However, these texts do not suggest that our technology was achieved by accident. It is accepted as the result of applied intelligence building on the achievement of earlier generations. Animal behavior is the result of inbuilt responses to external stimuli, allied with a limited ability to learn from experience. While some animals make limited use of tools, none approaches man’s ability to design and innovate. Yet when we look at the way in which animals are suited to their environment, we find that many animals have inbuilt devices which far surpass the technological achievements of which man is so proud.
Take flight, for instance. Thoresen (1971) claims that if a small airplane were as efficient as the plover, it would fly 56 km on one liter of gasoline. Birds show excellent aerodynamic design.
Their flight apparatus includes:
- intricately constructed feathers, very strong for their weight (Feathers streamline the body, protect against heat and cold, and fan the air.)
- powerful wings, controlled by strong muscles
- light hollow bones, flexible but strong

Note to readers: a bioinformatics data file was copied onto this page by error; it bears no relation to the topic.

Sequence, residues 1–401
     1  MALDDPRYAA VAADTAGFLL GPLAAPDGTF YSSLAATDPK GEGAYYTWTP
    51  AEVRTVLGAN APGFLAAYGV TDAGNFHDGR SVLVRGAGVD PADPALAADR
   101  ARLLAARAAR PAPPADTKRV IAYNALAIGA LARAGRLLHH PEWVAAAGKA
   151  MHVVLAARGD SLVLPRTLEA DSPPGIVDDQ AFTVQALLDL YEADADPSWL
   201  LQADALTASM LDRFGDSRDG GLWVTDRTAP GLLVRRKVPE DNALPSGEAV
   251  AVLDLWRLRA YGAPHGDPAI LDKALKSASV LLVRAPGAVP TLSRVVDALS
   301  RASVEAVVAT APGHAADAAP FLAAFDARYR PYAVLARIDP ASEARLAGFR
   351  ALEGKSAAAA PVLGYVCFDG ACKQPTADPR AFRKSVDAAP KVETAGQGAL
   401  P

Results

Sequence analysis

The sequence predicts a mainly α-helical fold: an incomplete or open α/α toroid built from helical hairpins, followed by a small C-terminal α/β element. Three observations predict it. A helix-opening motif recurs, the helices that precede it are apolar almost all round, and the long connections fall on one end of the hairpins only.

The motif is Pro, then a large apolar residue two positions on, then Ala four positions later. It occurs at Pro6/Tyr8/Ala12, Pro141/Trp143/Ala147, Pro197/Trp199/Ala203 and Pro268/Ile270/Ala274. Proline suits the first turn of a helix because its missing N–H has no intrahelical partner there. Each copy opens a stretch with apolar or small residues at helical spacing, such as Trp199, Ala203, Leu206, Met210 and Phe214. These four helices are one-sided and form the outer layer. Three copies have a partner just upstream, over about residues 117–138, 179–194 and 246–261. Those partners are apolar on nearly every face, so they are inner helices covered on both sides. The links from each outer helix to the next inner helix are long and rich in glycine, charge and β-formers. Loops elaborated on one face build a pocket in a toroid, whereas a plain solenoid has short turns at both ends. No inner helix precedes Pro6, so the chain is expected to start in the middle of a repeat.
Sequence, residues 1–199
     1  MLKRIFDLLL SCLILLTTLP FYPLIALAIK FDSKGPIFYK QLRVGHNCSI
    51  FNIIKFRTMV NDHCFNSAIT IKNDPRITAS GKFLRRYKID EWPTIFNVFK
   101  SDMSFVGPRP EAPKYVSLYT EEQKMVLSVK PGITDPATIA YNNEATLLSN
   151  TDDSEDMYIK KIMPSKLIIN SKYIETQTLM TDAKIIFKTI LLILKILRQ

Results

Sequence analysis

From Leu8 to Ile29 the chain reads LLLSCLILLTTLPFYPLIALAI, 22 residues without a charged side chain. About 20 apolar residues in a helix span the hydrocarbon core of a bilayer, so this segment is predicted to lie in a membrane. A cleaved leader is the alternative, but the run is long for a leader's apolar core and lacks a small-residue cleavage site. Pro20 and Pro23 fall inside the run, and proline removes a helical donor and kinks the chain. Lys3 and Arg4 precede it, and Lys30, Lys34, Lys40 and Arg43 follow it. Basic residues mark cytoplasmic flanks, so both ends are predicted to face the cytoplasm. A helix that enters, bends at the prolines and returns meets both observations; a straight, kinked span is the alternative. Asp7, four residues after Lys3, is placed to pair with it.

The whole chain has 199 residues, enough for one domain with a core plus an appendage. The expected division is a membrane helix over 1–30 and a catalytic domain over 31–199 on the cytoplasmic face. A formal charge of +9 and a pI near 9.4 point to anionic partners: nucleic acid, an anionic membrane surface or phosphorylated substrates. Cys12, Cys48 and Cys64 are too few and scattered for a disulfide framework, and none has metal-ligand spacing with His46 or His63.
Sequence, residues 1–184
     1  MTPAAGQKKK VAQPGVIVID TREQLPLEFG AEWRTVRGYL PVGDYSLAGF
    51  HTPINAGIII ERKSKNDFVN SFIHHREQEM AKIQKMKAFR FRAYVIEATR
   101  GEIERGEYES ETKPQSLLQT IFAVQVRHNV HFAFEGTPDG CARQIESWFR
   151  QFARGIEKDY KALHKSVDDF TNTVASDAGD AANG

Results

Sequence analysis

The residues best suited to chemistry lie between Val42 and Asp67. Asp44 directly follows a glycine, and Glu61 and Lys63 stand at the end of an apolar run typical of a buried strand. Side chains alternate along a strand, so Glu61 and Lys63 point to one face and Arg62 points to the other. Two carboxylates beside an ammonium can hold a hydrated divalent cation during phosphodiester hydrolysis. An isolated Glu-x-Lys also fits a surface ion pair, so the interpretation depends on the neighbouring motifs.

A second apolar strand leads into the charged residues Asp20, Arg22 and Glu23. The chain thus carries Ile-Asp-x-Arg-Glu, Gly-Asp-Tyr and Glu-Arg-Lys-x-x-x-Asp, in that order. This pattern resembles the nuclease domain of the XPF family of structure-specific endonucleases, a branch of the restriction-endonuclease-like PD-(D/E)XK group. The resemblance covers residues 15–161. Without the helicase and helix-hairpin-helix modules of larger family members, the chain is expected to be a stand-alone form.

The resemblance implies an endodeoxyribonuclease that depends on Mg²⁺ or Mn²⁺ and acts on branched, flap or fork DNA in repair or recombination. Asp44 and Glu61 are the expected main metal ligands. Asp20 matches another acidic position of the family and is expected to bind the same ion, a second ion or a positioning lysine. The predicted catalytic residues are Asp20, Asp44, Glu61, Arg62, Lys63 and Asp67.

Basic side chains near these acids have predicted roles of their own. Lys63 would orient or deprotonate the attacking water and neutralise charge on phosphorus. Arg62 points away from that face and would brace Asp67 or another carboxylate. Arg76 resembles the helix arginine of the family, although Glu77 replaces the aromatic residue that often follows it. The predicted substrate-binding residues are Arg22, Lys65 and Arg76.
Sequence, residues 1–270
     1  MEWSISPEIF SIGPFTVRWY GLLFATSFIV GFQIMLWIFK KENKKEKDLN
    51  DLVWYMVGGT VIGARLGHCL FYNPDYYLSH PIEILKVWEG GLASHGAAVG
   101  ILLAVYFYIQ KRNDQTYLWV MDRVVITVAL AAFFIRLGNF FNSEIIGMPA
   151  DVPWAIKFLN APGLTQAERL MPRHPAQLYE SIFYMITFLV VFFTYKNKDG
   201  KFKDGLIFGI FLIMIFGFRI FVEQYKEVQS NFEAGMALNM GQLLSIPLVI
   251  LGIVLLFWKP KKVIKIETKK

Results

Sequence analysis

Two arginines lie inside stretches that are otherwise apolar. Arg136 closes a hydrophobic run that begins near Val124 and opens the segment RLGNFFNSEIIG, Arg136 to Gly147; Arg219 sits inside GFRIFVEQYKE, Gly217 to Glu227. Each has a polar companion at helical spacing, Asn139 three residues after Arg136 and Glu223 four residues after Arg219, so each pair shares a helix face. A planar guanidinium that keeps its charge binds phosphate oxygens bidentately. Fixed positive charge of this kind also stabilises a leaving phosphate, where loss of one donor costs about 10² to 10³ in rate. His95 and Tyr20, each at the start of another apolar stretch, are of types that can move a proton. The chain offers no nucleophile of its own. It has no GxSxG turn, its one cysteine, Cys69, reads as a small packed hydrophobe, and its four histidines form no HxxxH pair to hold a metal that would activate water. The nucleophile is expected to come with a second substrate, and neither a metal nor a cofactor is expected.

- a rigid skeletal framework
- a circulatory system incorporating a large, strong heart, high blood pressure, and the extra pigment myoglobin to facilitate respiration
- a remarkable respiratory system, including air sacs which permeate the bones—(This produces buoyancy and a greater respiratory and surface cooling area.)
- a digestive system which, coupled with high body temperature, and efficient circulation, produces a high blood sugar concentration—(Birds can utilize a very great percentage of energy from food.)
- concentrated urine to reduce water loss and weight
- uncanny navigation
- keen nervous coordination which correlates the position of each feather in flight.
No one of these features enables flight. It is only when they are put together that birds fly. Each feature could not evolve separately to its current perfection and then unite harmoniously with the other.
Flying patterns in the animal kingdom include power flying, gliding, soaring and flight like the helicopter of humming birds and dragonflies. Each has special variations for its specific mode of flight.
It is of interest to note that our planes, helicopters and gliders, designed with purpose, cannot match the design standards observed in animals following innate behavior patterns.
It is obvious that the animals did not design these devices, so how shall we explain them? Can accident produce greater design precision than intelligence? Such structures declare a Creator who knew what He was doing and planned accordingly.